Dengue is the fastest growing mosquito borne infection in the world.
The World health Organisation (WHO) estimates that 40 percent of world’s population is at risk of being infected due to environmental conditions and burden of disease; people of all age groups are at risk.
According to Dr Mohammed Sakeel of Fortis Hospital, Kalyan, mild symptoms of dengue may leave you confused with other illnesses that cause fever and flu-like symptoms.
The most common symptoms are fever, and one or more of the following:
- Eye pain (typically behind the eyes)
- Muscle, joint, or bone pain
- Nausea and vomiting
- Unusual bleeding (nose or gum bleed, small red spots under the skin, or unusual bruising)
Severe symptoms of dengue can be labelled as an emergency. Note, it is very important to recognise the warning signs early.
Watch for signs and symptoms of severe dengue, which develop 24-48 hours after initial fever goes away. If you or a family member develops any of these warning signs, go to a physician or nearest emergency department immediately:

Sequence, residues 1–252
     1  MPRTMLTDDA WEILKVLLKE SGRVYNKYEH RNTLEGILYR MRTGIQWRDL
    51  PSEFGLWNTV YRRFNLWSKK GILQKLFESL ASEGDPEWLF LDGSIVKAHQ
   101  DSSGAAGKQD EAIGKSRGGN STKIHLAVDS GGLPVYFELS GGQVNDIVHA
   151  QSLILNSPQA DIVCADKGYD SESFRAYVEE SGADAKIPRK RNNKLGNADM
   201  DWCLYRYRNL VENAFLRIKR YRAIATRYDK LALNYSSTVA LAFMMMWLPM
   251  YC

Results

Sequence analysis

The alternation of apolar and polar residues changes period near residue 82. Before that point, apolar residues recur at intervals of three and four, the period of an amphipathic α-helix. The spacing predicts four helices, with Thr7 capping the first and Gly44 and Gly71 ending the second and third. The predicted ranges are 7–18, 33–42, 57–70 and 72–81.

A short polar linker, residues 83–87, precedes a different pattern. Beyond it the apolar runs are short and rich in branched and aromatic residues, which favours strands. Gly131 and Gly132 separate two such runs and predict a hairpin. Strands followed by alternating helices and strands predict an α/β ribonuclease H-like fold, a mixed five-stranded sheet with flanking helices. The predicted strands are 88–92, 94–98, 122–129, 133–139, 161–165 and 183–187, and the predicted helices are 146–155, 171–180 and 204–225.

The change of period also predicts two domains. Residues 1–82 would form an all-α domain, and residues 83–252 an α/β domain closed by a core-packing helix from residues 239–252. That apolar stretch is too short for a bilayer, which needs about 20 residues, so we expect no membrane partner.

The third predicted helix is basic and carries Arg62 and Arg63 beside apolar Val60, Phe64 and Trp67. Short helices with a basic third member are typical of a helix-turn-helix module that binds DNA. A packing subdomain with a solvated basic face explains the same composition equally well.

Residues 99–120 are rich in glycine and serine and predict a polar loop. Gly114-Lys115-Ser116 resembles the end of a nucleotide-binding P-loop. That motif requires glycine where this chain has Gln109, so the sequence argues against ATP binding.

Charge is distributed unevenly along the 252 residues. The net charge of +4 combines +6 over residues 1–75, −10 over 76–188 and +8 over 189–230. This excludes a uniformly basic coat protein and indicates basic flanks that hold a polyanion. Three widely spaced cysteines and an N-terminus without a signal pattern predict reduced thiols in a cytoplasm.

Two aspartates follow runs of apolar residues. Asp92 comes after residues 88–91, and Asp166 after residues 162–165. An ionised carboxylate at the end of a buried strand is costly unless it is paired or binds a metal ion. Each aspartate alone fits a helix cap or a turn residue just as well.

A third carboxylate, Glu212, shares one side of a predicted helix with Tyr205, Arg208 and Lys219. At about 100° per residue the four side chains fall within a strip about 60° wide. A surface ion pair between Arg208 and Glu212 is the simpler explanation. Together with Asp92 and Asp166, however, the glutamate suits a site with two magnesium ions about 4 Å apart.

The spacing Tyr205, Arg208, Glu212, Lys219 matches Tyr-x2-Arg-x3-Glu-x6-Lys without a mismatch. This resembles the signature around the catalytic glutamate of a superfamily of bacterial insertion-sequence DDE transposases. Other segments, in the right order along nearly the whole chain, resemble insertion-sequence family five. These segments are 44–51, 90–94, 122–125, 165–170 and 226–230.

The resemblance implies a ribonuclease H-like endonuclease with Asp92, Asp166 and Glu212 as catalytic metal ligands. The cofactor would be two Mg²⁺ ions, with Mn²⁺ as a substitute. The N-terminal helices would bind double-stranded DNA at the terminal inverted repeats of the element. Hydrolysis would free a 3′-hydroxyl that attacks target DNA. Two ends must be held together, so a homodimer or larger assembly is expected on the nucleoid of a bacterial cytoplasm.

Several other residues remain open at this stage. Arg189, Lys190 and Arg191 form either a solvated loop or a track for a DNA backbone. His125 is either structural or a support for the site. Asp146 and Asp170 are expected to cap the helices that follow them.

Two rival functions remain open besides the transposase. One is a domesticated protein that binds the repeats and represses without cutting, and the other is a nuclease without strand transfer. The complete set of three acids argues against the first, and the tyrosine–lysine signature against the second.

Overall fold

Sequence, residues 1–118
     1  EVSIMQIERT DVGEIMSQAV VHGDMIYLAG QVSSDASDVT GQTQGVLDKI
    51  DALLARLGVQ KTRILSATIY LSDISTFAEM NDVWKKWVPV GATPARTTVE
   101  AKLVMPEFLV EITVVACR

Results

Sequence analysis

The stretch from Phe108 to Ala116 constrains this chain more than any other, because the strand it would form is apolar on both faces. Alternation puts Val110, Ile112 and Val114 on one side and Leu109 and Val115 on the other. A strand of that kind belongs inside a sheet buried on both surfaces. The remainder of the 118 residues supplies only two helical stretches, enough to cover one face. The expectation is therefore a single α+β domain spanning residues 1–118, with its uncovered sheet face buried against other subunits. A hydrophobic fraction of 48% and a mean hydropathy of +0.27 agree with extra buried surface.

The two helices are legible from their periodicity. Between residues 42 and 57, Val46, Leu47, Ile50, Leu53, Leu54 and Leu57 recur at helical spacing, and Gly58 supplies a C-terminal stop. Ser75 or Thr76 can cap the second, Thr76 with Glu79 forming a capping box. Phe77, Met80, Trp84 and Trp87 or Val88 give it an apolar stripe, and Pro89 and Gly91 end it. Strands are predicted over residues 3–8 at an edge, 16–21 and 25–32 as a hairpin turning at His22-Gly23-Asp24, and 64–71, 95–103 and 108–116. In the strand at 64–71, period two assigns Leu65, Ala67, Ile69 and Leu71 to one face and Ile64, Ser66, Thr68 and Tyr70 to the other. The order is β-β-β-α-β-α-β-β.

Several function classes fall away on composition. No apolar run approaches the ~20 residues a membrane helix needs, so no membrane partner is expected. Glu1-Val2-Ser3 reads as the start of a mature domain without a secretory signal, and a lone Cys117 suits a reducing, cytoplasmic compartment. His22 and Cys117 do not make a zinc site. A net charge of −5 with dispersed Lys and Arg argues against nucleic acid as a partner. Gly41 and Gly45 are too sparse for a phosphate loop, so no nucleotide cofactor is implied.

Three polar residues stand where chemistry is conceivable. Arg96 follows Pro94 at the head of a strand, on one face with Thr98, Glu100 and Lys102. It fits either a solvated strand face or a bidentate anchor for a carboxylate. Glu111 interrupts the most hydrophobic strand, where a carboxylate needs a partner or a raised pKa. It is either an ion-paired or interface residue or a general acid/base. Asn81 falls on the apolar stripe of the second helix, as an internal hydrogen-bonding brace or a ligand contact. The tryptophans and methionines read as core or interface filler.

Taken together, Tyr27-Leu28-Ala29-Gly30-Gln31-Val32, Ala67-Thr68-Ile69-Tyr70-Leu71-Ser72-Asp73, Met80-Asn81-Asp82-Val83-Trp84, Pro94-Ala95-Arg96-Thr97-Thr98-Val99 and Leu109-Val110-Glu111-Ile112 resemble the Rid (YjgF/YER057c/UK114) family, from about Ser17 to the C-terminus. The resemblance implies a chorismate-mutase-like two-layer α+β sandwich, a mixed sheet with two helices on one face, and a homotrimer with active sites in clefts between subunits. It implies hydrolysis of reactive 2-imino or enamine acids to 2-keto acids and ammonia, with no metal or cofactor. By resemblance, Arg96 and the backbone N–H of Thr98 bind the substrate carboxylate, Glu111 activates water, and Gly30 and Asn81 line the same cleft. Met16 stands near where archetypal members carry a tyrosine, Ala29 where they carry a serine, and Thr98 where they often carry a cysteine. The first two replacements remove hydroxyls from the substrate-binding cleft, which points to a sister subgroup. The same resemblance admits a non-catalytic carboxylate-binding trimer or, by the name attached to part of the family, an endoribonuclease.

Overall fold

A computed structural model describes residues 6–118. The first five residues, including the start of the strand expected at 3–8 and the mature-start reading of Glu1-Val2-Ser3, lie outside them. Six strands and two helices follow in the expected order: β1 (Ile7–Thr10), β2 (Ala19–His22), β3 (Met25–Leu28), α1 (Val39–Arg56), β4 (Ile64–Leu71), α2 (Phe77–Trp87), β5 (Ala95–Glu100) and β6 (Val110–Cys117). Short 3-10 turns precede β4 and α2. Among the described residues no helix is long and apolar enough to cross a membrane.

1) Severe stomach pain or vomiting (at least 3 vomiting episodes within 24 hours)
2) Bleeding from the nose or gums
3) Vomiting blood, or blood in the stool
4) Drowsiness or irritability
5) Pale, cold, or clammy skin
6) Difficulty in breathing
These symptoms are collectively coined as dengue shock syndrome (DSS).
There is plethora of information on social networking and messaging platforms surrounding dengue symptoms, some are true and some untrue. Believing and following every collective piece of information received on networking platforms, and otherwise, is not a wise thing to do.
Therefore, if you have symptoms of dengue, rather than following the advice on social media, consult your doctor immediately.